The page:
Ethnobotany, in its broadest sense the study of the relationship between plants and people, is a discipline that celebrated its 100th anniversary last year. In 1895, J. W. Harshberger, in a lecture to the University Archeological Association of the University of Pennsylvania introduced this term, suggesting that it was a vehicle for further understanding how tribal people used plants. The discipline of ethnobotany has grown far beyond this original suggestion, and has become an interdisciplinary study of the intricate interrelationship between plants and people. This book, the first in the series from the People and Plants Initiative of the Worldwide Fund for Nature, the United Nations Educational Scientific and Cultural Organization and the Royal Botanic Gardens, Kew, England, is, as stated in the introduction, "intended to provide information which will assist the botanists and others to undertake such practical conservation work." The focus of the People and Plants Initiativ e is to enhance capacity for scientific work with traditional communities in botanical conservation. The author, Gary J. Martin, is exceptionally well qualified to author this first manual, having training in both botany and anthropology, with extensive field experience in both the Old and New Worlds.
Let me emphasize that, in my opinion, this book goes far beyond the intention of being a resource for professional botanists; it is an extraordinary look into the inner workings of this important scientific discipline that would be of interest to anyone who finds plants and their uses a fascinating subject. The first section is on "Data collection and hypothesis testing." A number of approaches are discussed, including both the rapid appraisal method, and the long-term, more in-depth study. The next section discusses the best ways of collecting and identifying plants, preparing reference collections. Included is a comprehensive lesson on preparing and curating herbarium specimens, and understanding their value for this type of research endeavor. Following this is a section on "Ethnopharmacology and related fields," elaborating methodologies for phytochemical analyses and screening, as well as, importantly, discussing the ethics involved in collecting plants for this type of stud y. Following this are sections on anthropology, ecology, economics, and linguistics. Of particular importance in this type of study is the ethnobotanist's relationship with the people he or she is working with. Martin relates an interesting anecdote from a Peruvian anthropologist who was visiting a remote indigenous village in a mountainous region of Oaxaca, Mexico. After exiting the small aircraft he traveled in, a villager walked up to the plane and greeted him, asking whether he was an anthropologist. When the researcher indicated that he was, "the eager villager said, `Well, I am an informant.'" As Martin points out, this type of person is unlikely to be a typical village resident and points out that one must put a great deal of effort into selecting the sample of people in a community with whom to work.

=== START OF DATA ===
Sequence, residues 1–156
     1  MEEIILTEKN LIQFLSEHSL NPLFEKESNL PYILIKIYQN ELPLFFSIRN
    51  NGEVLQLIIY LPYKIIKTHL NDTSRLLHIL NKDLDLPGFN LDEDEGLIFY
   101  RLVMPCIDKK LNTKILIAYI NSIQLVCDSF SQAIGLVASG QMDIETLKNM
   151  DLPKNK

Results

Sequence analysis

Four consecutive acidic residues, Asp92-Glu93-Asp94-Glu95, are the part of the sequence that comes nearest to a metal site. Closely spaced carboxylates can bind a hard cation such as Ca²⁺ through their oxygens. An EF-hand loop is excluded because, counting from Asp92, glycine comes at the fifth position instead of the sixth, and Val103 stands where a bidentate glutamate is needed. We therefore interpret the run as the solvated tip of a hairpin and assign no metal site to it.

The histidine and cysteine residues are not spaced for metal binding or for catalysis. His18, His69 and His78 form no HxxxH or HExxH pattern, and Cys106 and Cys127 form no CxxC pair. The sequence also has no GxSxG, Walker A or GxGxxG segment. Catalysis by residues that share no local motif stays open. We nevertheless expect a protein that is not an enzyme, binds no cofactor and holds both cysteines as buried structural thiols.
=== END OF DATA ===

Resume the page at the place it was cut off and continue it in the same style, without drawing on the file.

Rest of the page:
The last section of the book, "Ethnobotany, conservation, and community development" should be required reading for any field biologist working in the contemporary environment. It explains, in a persuasive way, why one must follow contemporary codes of ethics and other guidelines for interactions with local people. All too often, field biologists have such a narrow focus and time constraints that they are interested in getting in and getting out with little consideration for "giving back" to the local groups that they are working with. That is not to say that their scientific colleagues are not accorded due respect; it is often people in local communities that ultimately are not accorded the respect for being the teachers they are.
In general, ethnobotany is a difficult discipline to "teach" because its success or failure ultimately depends on establishing mutually beneficial and respectful relationships with traditional peoples with whom one is collaborating. Thus, even the slightest hint of exasperation or impatience can completely destroy the foundation on which ethnobotanical studies are based, e.g., trust between the investigator and the people.
This book is required reading for any aspiring ethnobotanist as well as suggested reading for those working with plant resources, especially in remote tropical regions. It is informative, engaging, succinct, and, above all, very timely. While strict adherence to the principles espoused in the book cannot guarantee the success of the study, certainly Martin's experience and detailed elaboration of the "nuts and bolts" of this discipline make this book an invaluable resource. This reviewer is certainly looking forward to the additional books that are planned for this series, considering them a wonderful and lasting contribution to ethnobotany and biological conservation.
Article copyright American Botanical Council.
By Michael J. Balick